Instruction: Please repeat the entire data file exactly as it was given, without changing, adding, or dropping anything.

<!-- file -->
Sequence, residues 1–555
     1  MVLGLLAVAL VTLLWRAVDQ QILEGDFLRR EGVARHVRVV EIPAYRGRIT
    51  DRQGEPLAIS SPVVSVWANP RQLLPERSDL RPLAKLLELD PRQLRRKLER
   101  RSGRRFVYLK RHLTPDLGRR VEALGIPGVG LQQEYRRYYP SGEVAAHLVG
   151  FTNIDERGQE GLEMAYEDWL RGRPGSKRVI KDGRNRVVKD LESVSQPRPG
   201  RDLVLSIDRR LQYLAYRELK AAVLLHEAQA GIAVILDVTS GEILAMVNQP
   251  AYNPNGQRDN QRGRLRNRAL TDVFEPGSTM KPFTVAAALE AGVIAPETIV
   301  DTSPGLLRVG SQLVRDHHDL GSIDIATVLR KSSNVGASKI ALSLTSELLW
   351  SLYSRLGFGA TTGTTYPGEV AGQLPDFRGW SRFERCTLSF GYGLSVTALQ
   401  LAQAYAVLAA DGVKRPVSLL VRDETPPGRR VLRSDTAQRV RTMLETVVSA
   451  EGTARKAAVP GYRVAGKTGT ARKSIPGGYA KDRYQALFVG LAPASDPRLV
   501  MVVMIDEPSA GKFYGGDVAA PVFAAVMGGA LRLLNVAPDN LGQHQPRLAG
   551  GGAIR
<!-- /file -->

Sequence, residues 1–555
     1  MVLGLLAVAL VTLLWRAVDQ QILEGDFLRR EGVARHVRVV EIPAYRGRIT
    51  DRQGEPLAIS SPVVSVWANP RQLLPERSDL RPLAKLLELD PRQLRRKLER
   101  RSGRRFVYLK RHLTPDLGRR VEALGIPGVG LQQEYRRYYP SGEVAAHLVG
   151  FTNIDERGQE GLEMAYEDWL RGRPGSKRVI KDGRNRVVKD LESVSQPRPG
   201  RDLVLSIDRR LQYLAYRELK AAVLLHEAQA GIAVILDVTS GEILAMVNQP
   251  AYNPNGQRDN QRGRLRNRAL TDVFEPGSTM KPFTVAAALE AGVIAPETIV
   301  DTSPGLLRVG SQLVRDHHDL GSIDIATVLR KSSNVGASKI ALSLTSELLW
   351  SLYSRLGFGA TTGTTYPGEV AGQLPDFRGW SRFERCTLSF GYGLSVTALQ
   401  LAQAYAVLAA DGVKRPVSLL VRDETPPGRR VLRSDTAQRV RTMLETVVSA
   451  EGTARKAAVP GYRVAGKTGT ARKSIPGGYA KDRYQALFVG LAPASDPRLV
   501  MVVMIDEPSA GKFYGGDVAA PVFAAVMGGA LRLLNVAPDN LGQHQPRLAG
   551  GGAIR